Dictionary.com
definitions
  • synonyms

demean1

[dih-meen]
See more synonyms on Thesaurus.com
verb (used with object)
  1. to lower in dignity, honor, or standing; debase: He demeaned himself by accepting the bribe.

Origin of demean1

1595–1605; de- + mean2, modeled on debase

Synonyms

See more synonyms on Thesaurus.com
degrade, humble, humiliate, mortify.

Antonyms

dignify, honor.

demean2

[dih-meen]
verb (used with object)
  1. to conduct or behave (oneself) in a specified manner.
noun
  1. Archaic. demeanor.

Origin of demean2

1250–1300; Middle English deme(i)nen < Anglo-French, Old French demener, equivalent to de- de- + mener to lead, conduct < Latin mināre to drive, minārī to threaten
Dictionary.com Unabridged Based on the Random House Unabridged Dictionary, © Random House, Inc. 2018

Examples from the Web for demean

Contemporary Examples

Historical Examples

  • Did she not break into lamentation and woe that a brother should so demean himself?

    The White Company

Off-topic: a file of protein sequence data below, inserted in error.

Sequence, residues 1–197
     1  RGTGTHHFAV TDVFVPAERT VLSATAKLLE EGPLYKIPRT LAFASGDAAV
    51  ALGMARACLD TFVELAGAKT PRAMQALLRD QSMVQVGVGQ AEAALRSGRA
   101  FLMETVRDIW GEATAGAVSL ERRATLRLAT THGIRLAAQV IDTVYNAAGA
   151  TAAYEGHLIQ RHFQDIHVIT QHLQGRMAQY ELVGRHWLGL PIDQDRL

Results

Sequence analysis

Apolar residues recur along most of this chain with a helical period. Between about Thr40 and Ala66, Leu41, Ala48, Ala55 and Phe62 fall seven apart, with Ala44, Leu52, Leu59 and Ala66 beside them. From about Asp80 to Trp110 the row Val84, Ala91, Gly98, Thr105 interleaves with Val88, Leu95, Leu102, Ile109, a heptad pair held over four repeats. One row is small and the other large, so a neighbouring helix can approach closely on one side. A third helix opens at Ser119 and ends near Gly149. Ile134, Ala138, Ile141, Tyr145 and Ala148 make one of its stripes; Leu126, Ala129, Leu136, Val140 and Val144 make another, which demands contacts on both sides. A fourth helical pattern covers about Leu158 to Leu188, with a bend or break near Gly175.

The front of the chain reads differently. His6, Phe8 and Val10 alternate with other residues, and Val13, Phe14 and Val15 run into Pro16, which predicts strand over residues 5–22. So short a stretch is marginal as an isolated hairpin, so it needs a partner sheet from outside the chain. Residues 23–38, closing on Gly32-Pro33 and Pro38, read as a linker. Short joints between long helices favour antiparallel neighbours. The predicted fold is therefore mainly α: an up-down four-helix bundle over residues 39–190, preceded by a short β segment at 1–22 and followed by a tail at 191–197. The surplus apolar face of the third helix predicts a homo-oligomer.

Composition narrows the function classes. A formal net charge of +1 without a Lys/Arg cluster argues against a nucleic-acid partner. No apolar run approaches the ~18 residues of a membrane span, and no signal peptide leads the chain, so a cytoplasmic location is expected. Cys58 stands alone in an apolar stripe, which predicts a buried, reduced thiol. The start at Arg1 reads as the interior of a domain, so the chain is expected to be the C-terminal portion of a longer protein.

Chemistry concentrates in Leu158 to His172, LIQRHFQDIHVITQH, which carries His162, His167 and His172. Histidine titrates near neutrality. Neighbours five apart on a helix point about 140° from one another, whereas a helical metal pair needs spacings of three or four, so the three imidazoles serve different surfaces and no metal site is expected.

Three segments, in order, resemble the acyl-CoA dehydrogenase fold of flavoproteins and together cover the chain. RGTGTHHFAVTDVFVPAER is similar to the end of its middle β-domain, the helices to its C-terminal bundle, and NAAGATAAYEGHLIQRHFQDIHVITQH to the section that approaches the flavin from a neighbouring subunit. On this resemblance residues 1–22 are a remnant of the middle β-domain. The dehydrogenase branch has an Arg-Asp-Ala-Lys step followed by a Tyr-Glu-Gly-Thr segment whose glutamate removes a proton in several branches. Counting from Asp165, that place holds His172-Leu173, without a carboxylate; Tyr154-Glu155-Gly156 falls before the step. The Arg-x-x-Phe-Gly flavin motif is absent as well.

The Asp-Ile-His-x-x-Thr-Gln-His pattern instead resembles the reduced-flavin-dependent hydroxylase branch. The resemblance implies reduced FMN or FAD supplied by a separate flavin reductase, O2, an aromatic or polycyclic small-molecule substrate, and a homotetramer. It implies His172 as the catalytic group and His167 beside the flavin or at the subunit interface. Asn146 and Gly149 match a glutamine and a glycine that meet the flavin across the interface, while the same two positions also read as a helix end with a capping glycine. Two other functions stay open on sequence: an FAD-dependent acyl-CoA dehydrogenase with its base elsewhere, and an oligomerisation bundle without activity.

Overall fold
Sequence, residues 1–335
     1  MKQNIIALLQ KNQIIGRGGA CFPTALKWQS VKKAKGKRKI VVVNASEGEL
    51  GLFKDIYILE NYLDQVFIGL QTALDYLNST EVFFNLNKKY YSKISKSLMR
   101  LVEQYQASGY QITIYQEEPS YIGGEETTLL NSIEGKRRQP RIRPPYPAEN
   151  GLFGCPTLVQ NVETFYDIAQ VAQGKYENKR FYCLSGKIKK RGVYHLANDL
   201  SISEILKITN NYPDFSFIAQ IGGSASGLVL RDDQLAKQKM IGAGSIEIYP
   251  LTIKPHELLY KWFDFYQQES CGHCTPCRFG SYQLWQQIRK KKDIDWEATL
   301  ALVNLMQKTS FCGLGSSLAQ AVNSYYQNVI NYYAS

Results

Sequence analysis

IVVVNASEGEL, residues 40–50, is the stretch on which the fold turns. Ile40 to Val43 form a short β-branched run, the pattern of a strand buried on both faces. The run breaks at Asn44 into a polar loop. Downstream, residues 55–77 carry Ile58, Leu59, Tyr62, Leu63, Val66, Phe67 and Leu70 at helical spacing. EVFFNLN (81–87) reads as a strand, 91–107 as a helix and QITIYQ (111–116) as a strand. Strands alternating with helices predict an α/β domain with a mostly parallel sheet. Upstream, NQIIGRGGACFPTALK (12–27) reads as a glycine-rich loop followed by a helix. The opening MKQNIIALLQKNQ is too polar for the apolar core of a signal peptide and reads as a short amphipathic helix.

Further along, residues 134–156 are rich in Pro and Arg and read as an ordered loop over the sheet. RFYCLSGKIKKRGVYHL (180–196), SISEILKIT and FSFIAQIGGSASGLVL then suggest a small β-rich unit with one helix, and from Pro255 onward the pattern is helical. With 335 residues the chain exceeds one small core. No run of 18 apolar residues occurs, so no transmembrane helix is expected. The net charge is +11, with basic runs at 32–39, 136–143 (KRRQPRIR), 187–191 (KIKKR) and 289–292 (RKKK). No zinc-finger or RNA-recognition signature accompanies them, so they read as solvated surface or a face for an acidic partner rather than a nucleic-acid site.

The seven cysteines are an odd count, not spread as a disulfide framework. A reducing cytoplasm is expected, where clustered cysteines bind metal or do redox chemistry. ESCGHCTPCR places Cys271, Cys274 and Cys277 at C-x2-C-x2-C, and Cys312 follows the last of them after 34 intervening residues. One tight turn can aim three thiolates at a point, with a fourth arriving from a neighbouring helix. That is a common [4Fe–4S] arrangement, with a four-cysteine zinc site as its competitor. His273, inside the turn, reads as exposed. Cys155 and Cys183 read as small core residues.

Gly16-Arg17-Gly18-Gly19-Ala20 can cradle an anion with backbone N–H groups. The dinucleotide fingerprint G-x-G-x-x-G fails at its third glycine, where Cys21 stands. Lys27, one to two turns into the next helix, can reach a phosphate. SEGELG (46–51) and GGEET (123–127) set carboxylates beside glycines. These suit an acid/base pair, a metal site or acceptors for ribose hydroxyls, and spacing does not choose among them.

Arthur Conan Doyle

  • One who has reached my years, and who has a name for wisdom, ought not to demean himself.

    Apology

    Plato

  • Of course he was not going to demean himself by talking to "that atheist's daughter."

    We Two

    Edna Lyall

  • She had been well tutored on every point, what to say and how to demean herself.

    The Golden Dog

    William Kirby

  • For all I've had to demean myself to wait on sich as you, I'm a Christian!

    A Sheaf of Corn

    Mary E. Mann


British Dictionary definitions for demean

demean1

verb
  1. (tr) to lower (oneself) in dignity, status, or character; humble; debase

Word Origin

C17: see de-, mean ²; on the model of debase

demean2

verb
  1. (tr) rare to behave or conduct (oneself) in a specified way

Word Origin

C13: from Old French demener, from de- + mener to lead, drive, from Latin mināre to drive (animals), from minārī to use threats
Collins English Dictionary - Complete & Unabridged 2012 Digital Edition © William Collins Sons & Co. Ltd. 1979, 1986 © HarperCollins Publishers 1998, 2000, 2003, 2005, 2006, 2007, 2009, 2012

Word Origin and History for demean

v.

"lower in dignity," c.1600, perhaps from de- "down" + mean (adj.) and modeled on debase. Indistinguishable in some uses from obsolete demean (see demeanor) which influenced it and may be its true source. Related: Demeaned; demeaning.

Online Etymology Dictionary, © 2010 Douglas Harper